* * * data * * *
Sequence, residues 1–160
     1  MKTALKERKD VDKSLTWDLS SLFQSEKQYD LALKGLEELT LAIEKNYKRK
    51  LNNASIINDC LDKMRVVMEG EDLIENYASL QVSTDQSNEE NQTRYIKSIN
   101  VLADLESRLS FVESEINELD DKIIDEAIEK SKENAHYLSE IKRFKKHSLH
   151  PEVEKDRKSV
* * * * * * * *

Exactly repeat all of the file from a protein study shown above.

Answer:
Sequence, residues 1–160
     1  MKTALKERKD VDKSLTWDLS SLFQSEKQYD LALKGLEELT LAIEKNYKRK
    51  LNNASIINDC LDKMRVVMEG EDLIENYASL QVSTDQSNEE NQTRYIKSIN
   101  VLADLESRLS FVESEINELD DKIIDEAIEK SKENAHYLSE IKRFKKHSLH
   151  PEVEKDRKSV